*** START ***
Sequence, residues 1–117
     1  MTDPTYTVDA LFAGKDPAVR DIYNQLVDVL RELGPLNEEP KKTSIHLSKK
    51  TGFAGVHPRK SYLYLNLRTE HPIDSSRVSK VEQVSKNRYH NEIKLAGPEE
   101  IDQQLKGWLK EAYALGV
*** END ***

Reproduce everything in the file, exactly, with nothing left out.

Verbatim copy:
Sequence, residues 1–117
     1  MTDPTYTVDA LFAGKDPAVR DIYNQLVDVL RELGPLNEEP KKTSIHLSKK
    51  TGFAGVHPRK SYLYLNLRTE HPIDSSRVSK VEQVSKNRYH NEIKLAGPEE
   101  IDQQLKGWLK EAYALGV